Allworld Network recognizes ‘Pakistan 100’
Allworld Network’s inaugural Pakistan Fast Growth 100 summit highlighted the successes of some of the fastestgrowing unlisted companies in Pakistan, delivering the message that Pakistan is very much open for business.
After more than 15 years of promoting entrepreneurship in the developed and developing worlds, Allworld Network was established in 2008 by Deirdre Coyle Jr., Anne Habiby and Michael Porter, Harvard Business School Professor and global competitiveness expert.
The Pakistan 100 is made up of 87 ranked companies that reach Allworld’s international standards for competitive fast growth companies and 12 “start-ups to watch” that tend to be younger or smaller but otherwise have a strong growth trajectory that should qualify them in the near future.
According to Samad Dawood, CEO, Cyan Limited, “The Pakistan 100 are a testament to the zeal and passion of the Pakistani private sector. Their accomplishment is even more impressive given the challenges that they have had to endure in the recent years. They and others like them have inspired Cyan to create an ecosystem where entrepreneurs, large corporations, providers of capital and regulators can actively engage to share best practice, create business opportunities, seek out capital and ultimately create regulatory environments that further foster entrepreneurship. Our goal is simple: invest in businesses that have the potential to take centre stage in the global economy while improving the lives of millions in the process. I think we are off to a great start!”
Allworld systematically identifies private growth companies and ranks the fastest growing companies for Arabia 500, Africa 500, Asia 500, Eurasia 500 and Latin America 500. Being on Allworld ranking puts companies on the world map, drawing the market to them – precisely called Visibility Economicstm. Ranked companies “go public”, attracting new investors, customers, joint venture partners and talent and continue to grow and get up to scale.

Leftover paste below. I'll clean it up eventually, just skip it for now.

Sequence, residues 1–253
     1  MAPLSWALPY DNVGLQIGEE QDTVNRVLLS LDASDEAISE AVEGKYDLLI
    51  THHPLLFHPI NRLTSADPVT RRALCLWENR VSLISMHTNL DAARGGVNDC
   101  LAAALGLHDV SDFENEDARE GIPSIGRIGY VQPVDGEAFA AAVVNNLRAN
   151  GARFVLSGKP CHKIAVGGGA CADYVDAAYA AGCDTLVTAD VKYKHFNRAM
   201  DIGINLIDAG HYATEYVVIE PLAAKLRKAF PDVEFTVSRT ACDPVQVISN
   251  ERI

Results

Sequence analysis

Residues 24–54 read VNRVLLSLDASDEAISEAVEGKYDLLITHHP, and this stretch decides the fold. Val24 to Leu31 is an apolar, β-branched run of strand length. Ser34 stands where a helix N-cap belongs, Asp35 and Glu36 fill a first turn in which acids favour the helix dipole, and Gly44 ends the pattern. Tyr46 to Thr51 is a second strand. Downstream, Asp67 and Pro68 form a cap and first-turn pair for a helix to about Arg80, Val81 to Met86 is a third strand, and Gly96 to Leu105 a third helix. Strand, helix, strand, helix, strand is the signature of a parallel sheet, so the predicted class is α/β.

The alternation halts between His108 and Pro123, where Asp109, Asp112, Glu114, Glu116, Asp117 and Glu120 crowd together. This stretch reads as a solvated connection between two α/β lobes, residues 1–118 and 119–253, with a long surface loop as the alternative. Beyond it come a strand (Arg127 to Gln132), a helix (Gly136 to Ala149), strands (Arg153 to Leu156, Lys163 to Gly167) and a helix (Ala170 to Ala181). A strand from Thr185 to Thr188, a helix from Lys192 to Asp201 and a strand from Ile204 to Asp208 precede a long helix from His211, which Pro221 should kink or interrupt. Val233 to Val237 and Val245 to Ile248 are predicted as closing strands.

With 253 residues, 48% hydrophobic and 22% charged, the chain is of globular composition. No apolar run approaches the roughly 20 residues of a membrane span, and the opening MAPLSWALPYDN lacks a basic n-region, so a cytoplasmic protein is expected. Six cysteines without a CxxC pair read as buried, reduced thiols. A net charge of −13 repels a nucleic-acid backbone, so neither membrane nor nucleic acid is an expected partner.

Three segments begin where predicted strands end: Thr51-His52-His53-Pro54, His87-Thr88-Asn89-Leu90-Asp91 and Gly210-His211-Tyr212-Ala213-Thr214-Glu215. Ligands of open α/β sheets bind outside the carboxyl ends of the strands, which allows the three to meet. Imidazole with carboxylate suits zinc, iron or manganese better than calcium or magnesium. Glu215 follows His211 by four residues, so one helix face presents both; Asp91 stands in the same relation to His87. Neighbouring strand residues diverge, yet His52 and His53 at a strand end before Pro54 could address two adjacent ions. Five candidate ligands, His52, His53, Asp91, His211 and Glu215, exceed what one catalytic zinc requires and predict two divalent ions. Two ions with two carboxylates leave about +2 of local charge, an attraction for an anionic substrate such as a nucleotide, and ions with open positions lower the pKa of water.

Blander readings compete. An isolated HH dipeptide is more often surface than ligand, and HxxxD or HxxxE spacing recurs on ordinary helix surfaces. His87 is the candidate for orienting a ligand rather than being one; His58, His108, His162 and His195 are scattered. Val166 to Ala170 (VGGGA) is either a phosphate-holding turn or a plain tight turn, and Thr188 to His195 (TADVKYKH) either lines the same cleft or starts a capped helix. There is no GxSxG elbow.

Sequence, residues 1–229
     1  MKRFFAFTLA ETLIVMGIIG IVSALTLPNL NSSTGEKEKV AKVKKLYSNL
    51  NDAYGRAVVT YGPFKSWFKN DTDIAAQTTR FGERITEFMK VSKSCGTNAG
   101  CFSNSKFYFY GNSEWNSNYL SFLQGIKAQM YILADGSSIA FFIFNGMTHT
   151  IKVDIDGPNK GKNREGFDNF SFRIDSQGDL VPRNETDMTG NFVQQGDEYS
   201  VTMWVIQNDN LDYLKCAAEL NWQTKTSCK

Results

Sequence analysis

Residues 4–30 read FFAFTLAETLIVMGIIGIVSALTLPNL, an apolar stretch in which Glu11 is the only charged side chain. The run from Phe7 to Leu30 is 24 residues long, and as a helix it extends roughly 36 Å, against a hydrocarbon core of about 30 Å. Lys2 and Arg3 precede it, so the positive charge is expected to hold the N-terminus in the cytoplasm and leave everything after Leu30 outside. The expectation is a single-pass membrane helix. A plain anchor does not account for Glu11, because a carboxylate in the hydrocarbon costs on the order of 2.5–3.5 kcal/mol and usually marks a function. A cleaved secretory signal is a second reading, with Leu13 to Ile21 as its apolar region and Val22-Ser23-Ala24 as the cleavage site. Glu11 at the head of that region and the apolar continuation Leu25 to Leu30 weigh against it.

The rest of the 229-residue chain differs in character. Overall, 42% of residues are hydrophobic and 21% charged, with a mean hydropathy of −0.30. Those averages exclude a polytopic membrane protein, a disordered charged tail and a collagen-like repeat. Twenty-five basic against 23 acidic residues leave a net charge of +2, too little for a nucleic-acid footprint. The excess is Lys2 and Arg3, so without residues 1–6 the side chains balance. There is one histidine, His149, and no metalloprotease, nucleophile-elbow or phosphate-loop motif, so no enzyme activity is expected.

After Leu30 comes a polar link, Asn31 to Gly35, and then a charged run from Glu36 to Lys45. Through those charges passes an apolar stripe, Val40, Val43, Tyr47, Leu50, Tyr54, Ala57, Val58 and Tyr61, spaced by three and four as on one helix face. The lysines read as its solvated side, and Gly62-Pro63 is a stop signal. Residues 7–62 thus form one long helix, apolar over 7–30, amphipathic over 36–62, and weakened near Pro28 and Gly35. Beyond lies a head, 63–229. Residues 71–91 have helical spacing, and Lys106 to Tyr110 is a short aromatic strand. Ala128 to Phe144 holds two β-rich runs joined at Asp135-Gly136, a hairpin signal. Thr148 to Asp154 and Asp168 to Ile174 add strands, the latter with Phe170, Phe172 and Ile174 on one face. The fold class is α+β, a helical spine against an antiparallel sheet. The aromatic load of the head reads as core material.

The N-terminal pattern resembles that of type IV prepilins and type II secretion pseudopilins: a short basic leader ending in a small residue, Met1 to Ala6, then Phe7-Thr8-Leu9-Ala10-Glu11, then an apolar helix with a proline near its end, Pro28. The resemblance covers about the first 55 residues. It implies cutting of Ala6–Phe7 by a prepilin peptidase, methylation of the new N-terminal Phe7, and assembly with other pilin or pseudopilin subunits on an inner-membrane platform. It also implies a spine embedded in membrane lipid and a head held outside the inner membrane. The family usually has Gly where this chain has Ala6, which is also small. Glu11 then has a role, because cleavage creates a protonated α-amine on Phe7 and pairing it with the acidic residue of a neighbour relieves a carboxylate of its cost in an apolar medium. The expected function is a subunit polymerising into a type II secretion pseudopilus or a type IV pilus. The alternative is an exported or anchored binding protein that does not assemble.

It was felt by the founders of Allworld that the companies in the emerging economies are being held back more by a visibility deficit than capability deficit. The invisibility of competitive and successful firms creates massive economic inefficiencies, as investors have to choose from limited options.
Allworld rankings are based on revenue growth rates and not company size. Interested companies, having a revenue growth rate of over 40 percent for at least three years, apply online for consideration and provide audited financial statements. Brilliant startups and younger companies are also included as Companies to Watch. Allworld evaluates these growing companies on the same lines as the Forbes annual or the Fortune 500 list.
After ranking companies in Saudi Arabia, Jordan, Lebanon, Turkey, Pakistan, India and South Africa, the listings are now being expanded to Regional 500s. The latest release was that of Arabia 500 in December 2011, in which Pakistan claimed number 2 spot among 14 countries.
The report indicates that the Pakistan 100 companies are growing at a stellar CAGR (compound annual growth rate) of 55 percent per annum, employ over 41,000 people, and their total revenues went up to roughly $1.5 billion in 2010.
The rankings contain a well-balanced industry representation, with software services and products leading with 10 percent, followed by construction and engineering at 9 percent, and textiles and fashion at 8 percent. A young company, the six-year old E2E Supply Chain, topped the list.
The spirit of entrepreneurship is such that half of the ranked firms have helped their employees set up their own ventures. Moreover, 82 percent of the firms’ leaders plan to start another 140 companies within the next two years, after having started 264 companies already.
Importantly, inaccessible finance did not hold these ventures back as 83 percent of them started out sans the support of angel investors or venture capitalists. It is a bright prospect that at the time when investment inflows have sharply declined, these companies have indeed made a strong case that Pakistan is a vibrant and happening business environment, despite the odds.
The level of entrepreneurship is rapidly growing in Pakistan with a number of innovative entrepreneurial ventures emerging on the country’s economic landscape. This is a welcome signal for a fresh wave of local and foreign investments in Pakistan.